(Probably of Mrs Henry Lemann, nee Mary Earles, the artist's sister, in wedding dress)
Miniature on ivory (in a velvet covered traveling case)
Signed and dated l.c. 1851
13.2 x 10.9 cm
$4,500.00 including GST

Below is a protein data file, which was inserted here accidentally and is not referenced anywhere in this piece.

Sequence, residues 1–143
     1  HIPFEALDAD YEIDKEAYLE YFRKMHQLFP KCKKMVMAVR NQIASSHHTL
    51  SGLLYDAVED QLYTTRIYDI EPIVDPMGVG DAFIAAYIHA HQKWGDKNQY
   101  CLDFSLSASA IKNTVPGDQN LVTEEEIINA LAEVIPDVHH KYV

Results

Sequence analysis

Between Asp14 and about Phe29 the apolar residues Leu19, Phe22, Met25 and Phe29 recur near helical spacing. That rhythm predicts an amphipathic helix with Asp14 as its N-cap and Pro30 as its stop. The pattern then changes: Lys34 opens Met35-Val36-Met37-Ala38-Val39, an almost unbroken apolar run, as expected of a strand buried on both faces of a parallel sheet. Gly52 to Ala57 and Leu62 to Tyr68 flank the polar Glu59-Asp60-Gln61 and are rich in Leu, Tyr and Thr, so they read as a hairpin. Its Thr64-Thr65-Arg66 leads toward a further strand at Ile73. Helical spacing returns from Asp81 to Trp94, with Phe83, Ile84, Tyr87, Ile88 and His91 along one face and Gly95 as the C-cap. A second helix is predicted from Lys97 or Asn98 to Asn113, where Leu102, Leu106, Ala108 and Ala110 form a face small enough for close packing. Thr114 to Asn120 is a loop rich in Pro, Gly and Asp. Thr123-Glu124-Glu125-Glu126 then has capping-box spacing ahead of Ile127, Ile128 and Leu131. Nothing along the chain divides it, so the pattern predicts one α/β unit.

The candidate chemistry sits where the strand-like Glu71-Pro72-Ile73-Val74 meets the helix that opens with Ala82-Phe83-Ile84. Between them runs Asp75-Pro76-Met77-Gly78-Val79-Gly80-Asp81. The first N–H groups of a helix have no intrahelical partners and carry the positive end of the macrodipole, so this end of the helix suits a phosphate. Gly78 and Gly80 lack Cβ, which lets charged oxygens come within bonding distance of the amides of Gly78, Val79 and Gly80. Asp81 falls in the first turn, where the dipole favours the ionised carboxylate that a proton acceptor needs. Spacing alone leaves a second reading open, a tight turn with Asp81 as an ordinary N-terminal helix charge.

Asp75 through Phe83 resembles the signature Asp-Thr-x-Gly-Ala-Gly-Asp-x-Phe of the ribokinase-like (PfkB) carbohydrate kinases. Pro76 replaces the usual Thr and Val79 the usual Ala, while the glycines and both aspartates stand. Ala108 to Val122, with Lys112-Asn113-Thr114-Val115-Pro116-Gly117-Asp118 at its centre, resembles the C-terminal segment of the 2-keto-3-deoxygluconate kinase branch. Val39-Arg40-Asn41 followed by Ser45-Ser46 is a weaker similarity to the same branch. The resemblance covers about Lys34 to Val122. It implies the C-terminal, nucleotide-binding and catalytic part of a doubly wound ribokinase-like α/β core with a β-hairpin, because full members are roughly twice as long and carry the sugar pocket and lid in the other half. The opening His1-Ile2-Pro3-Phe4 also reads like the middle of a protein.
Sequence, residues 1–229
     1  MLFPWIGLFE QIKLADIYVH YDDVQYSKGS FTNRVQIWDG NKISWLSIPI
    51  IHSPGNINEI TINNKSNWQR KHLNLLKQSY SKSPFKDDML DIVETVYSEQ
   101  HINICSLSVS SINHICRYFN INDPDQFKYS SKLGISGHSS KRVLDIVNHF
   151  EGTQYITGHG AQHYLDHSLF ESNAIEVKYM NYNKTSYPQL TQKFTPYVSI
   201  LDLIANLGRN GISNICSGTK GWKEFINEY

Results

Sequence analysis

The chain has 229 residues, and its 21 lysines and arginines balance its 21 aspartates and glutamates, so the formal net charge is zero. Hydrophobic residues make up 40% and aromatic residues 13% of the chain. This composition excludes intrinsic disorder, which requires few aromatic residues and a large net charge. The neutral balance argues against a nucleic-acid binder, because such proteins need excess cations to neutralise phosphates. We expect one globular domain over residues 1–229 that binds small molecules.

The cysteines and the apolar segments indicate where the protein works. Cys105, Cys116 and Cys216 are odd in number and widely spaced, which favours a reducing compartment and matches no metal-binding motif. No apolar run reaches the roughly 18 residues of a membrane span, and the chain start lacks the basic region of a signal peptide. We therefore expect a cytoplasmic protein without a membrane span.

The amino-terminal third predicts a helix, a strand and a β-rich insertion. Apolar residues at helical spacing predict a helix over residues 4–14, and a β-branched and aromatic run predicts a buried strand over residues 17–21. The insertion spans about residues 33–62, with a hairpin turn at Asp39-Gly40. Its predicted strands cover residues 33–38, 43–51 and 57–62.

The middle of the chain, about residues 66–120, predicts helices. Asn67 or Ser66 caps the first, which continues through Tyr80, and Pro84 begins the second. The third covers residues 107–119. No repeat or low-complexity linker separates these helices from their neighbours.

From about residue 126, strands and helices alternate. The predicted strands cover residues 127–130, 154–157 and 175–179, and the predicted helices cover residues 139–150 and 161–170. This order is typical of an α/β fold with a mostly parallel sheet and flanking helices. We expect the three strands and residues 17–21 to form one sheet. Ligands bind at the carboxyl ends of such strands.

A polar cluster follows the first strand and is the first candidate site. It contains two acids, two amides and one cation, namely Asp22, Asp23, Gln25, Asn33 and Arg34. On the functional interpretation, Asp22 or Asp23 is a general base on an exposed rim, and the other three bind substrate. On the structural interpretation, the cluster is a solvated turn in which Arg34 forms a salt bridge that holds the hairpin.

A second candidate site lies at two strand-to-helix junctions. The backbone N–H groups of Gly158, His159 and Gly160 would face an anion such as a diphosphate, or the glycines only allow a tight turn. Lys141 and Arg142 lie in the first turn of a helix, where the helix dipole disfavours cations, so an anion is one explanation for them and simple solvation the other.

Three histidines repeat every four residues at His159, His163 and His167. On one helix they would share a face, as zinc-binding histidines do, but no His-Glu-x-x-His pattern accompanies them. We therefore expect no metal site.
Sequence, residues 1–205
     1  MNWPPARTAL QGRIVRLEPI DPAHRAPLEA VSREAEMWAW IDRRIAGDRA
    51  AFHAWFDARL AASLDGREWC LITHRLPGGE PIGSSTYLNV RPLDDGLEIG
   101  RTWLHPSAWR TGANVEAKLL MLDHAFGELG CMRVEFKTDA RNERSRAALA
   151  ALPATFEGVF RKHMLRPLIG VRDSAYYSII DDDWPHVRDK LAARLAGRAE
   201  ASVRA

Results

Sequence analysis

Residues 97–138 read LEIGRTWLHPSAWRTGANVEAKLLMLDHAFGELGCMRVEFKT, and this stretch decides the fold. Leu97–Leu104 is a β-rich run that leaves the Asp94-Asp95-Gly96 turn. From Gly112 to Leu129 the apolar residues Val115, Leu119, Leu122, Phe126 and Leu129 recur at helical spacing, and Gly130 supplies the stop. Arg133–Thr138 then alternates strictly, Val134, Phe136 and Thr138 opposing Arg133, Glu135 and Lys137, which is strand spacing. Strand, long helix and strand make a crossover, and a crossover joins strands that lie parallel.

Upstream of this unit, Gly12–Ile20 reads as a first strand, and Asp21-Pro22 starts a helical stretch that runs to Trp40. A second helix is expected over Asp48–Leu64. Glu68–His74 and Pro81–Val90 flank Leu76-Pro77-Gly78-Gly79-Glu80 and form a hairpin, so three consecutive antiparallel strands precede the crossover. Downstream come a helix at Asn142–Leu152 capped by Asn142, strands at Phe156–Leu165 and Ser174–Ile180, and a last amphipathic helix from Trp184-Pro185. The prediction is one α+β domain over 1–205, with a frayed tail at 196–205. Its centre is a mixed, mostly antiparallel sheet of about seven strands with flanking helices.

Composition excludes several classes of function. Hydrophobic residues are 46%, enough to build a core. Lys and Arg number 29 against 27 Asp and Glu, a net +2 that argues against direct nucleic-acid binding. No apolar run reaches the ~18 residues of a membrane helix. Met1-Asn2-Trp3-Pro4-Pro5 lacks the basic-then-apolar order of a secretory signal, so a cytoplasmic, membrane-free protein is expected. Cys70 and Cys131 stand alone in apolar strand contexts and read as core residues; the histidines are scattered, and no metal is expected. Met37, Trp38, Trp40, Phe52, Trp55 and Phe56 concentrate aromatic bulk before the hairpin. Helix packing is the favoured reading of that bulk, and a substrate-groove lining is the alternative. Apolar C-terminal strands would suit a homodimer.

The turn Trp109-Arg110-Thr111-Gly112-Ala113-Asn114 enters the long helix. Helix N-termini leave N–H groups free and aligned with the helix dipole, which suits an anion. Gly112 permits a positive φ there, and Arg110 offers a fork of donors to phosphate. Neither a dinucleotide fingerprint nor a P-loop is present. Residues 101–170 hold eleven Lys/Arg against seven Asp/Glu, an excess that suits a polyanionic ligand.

Comment: Henry Rodolph Walter Lemann (1811 - 1899) arrived in Port Fairy, on 24 January 1847 and settled at Woodlands, Victoria. Lemann apparently then returned to the UK before returning to Australia with his new wife, Mary. On 16 February 1850, the Adelaide Advertiser reported the arrival 4 days earlier of Mr and Mrs Lemann on the Statesman. In 1853 the squatters lease for Woodlands had been challenged and taken over by William Pomeroy Greene. Lemann applied for a Squatters lease there in 1848, however the lease was challenged again the next year (NSW Gazette 8 June 1849). It appears that attempts by Lemann to settle at Woodlands were not successful and the couple returned to the UK within a few years. Woodlands Homestead flourished. An 1869 painting of the Woodlands homestead by Eugene von Guerard is in the National Gallery of Australia. Today it is registered as an historic house. The wedding dress worn by Mary Earles in the 1851 portrait is very similar to a wedding dress dated 1851 which is in the collection of the Victoria and Albert Museum (T.367&A-1988): Some mystery surrounds the painting of the portrait. It must have been painted by Earles in 1851 in the UK but this would have been after Mary had left for Australia in late 1849. It could have been painted from sketches of Mary. She appears in a painting by Chester Earles, entitled A Letter from Australia; A Family Group, shows the Earles family gathered at afternoon tea listening to Charles Earles reading a letter from their sister Penelope who had migrated to Australia with her husband, George Selby, in 1840. This painting was exhibited at the Royal Academy in 1849 and at Suffolk Street in 1850. (It is currently in the Fox Talbot Museum, Wiltshire, UK). The artist depicts himself standing behind Charles, the letter reader. Mary Earles is seated lower left (she is no. 4 - a key to the identities of each family member is also illustrated below): It is possible that the artist sent the portrait of Mary to her in Australia – hence the fact that it is in a travelling case. It would then have returned with her to the UK, sometime in the mid 1850s. From Dictionary of Australian Art & Design online, entry by Candice Bruce, 1992, updated 2011: Chester Earles, portrait and narrative painter, was born on 18 August 1821 at precisely 6.30 a.m. according to the family bible. He was the third son, one of fifteen children of William Earles, who worked in a London bank, and Elizabeth née Chester, of Hackney, London. After some initial training as a miniature portrait painter – at the London National Gallery, according to the family – Earles entered the Royal Academy Schools in 1842 then studied at Paris in 1846. He exhibited with the Royal Academy from 1844 to 1863 (56 works) and with the Society of British Artists (Suffolk Street) between 1842 and 1863 (55 watercolours and oils). Altogether Graves lists 130 works shown by him in the major London exhibition centres during this period, though some were repeats. Most were portraits, but several were narrative and religious paintings. One, exhibited at the Royal Academy in 1849 and at Suffolk Street in 1850, entitled A Letter from Australia; A Family Group , shows the Earles family gathered at afternoon tea listening to Charles Earles reading a letter from their sister Penelope who had migrated to Australia with her husband, George Selby, in 1840; Chester himself is standing behind Charles. Chester’s letters to Penelope (La Trobe Collection) discuss his early struggles to make a living as an artist in London. Although Penelope died in 1851, another married sister, Mary Lemann, came out to Victoria that year [sic, it was February 1850], and in 1857 the widower George Selby married his younger sister, Susanne. In June 1858, a Melbourne periodical noted that Mr Selby was 'endeavouring to dispose of a series of six clever pictures by Earle [sic] R.A. [sic]’ by means of an art union, the paintings being on view at Joseph Wilkie’s music shop. Earles had exhibited portraits of Mrs James Selby, G. W. Selby and Miss Selby at the Royal Academy, and the family connection was doubtless instrumental in bringing him to Victoria early in 1864, although his failure to sell portraits due to the increasing popularity of photography was the major impetus. In 1866 Earles exhibited At the Foot of the Cross and An Awkward Pause (shown Suffolk Street 1859) at the Melbourne Intercolonial Exhibition. The jury noted that the former was “one of the few figure pictures in the Exhibition” and considered it remarkable “for its feeling and careful execution”, while a subsequent reviewer considered it “bold, careful and correct…despite some coldness of colouring”. In 1869 Earles contributed fifteen paintings to the Melbourne Public Library Exhibition. Most were biblical subjects or portraits; and Mary Magdalen at the Cross, at least, had previously been shown at the Royal Academy. Adam and Eve, described in the catalogue as on ivory, must have been a miniature. Six were shown again later that year at the Ballarat Mechanics Institute Exhibition. On 6 August 1866, Earles married a widow, Caroline Elder, at Christ Church, South Yarra, Melbourne. With the three children from her first marriage – Augusta, Ellen and Charles Elder – the Earles moved into Rokeby Cottage in Murphy Street, South Yarra, where they remained until 1878. Earles worked as an inspector at the Bankers’ Clearing House and continued to paint in his spare time. Interior with Figures (1872, Queensland Art Gallery) includes a self-portrait, possibly with Caroline and a step-daughter, or perhaps his two step-daughters. When the Victorian Academy of Arts was formed in 1870 with O.R. Campbell as president and James Robertson as secretary, Earles was elected treasurer. Three years later he succeeded Campbell as president, a position he held until the Academy merged with the Australian Artists’ Association in 1888. At the Academy’s first exhibition he showed paintings inspired by Milton ( L’Allegro and Il Penseroso) and Fletcher, as well as a handful of portraits. The Argus thought the twin Milton subjects 'unusually happy’ for Earles: The former is not the Euphrosyne of Westall or Stothard but a blond young beauty of the nineteenth century, more “fair” than “free”, with hair which does not owe its tint to any auricomous compound, and a face very pleasant to look upon. He appears to have taken a small studio in Flinders Street at about this time. His painting Feather Pickers, A Pause in the Work 1876, ( National Gallery of Australia) exhibited with the VAA in 1876 as 'Stripping Feathers’,previously in 'The Fairfax Corporate Collection of Australian Paintings’, . In 1878 Earles moved his private residence to Homegarth in Motherwell Street, South Yarra, where he remained until his death. Earles continued to exhibit with the VAA until 1884 and contributed to various Intercolonial and international exhibitions held throughout the 1870s and 1880s.Bianca and Katharina , shown at the Victorian Intercolonial Exhibition, were sent on to the 1873 London International Exhibition. Other paintings were sent to the New South Wales Academy of Art in 1872, 1873, 1875 and 1876. He won medals at the first two for L’Allegro ('Cheerfulness personified as a young intellectual-looking girl of “sweet sixteen”’) and Bianca and Katharina (again). He won a certificate of merit in 1875 for Ophelia, an oil also shown in Melbourne before being sent to the 1876 Philadelphia Centennial Exhibition together with portraits of two other Shakespearian women, possibly Bianca and Katharina once more. The Sydney Mail critic thought Ophelia 'very pretty, very unnatural and strangely colourless’, while The Latest News from England was judged 'commonplace’. Depicting two girls looking over the latest fashions in the Home News ('the faces of both are stony’), it was expressly designed to be photographed by Johnstone, O’Shannessy & Co. as one of a series for subscribers to the Art Union of Victoria but was deemed to be 'scarcely worthy of the rest of the series’. Earles’s output declined in the 1880s. Since he continued to work at the Bankers’ Clearing House until at least 1881 (his address in the annual report of the Art Union of Victoria that year), pressure of work was possibly a contributing factor. Other possibilities are ill-health (he was now in his mid-sixties) or a realisation that his style was outmoded. In 1882 he exhibited designs for a reredos 'in course of erection’ at Christ Church, South Yarra, and he showed a stained-glass window design for St Martin’s, Hawksburn, in 1883. A self-portrait shown at the 1888 Melbourne Centennial International Exhibition (unlocated) and a painting simply titled Portrait shown with the Victorian Artists’ Society in 1892 (both of which may have been painted years earlier) are the only exhibition works known after 1884. Throughout his career Earles’s subject matter was either portraiture or subject paintings inspired by Keats, Milton, Spenser, Tennyson, Shakespeare and the Bible. The latter were little more than elevated portraits with little narrative content, Earles being one of the few painters working in Australia at the time who painted figure subjects almost exclusively. He showed little interest in Australian themes, exhibiting only two works, Young Australia (in 1876) and Third Day of a Hot Wind – No Change Yet (in 1877, 1879 and 1880), with Australian-sounding titles. Both would have been figure subjects. The latter (known only from a rather coarse black and white engraving in the Australasian Sketcher and a drawing after the painting in the Illustrated Australian News of 25 January 1882, 8, entitled 'A hot wind day’) depicts a little girl drooped on the lap of 'a youthful matron in a state of languor and limpness, on the evening of a third hot wind day which has committed such terrible ravages upon her complexion as almost to defy the power of cosmetics to remedy them’. His most Australian subject, The Stockrider (unlocated), was issued as a photograph by the Art Union of Victoria in 1873.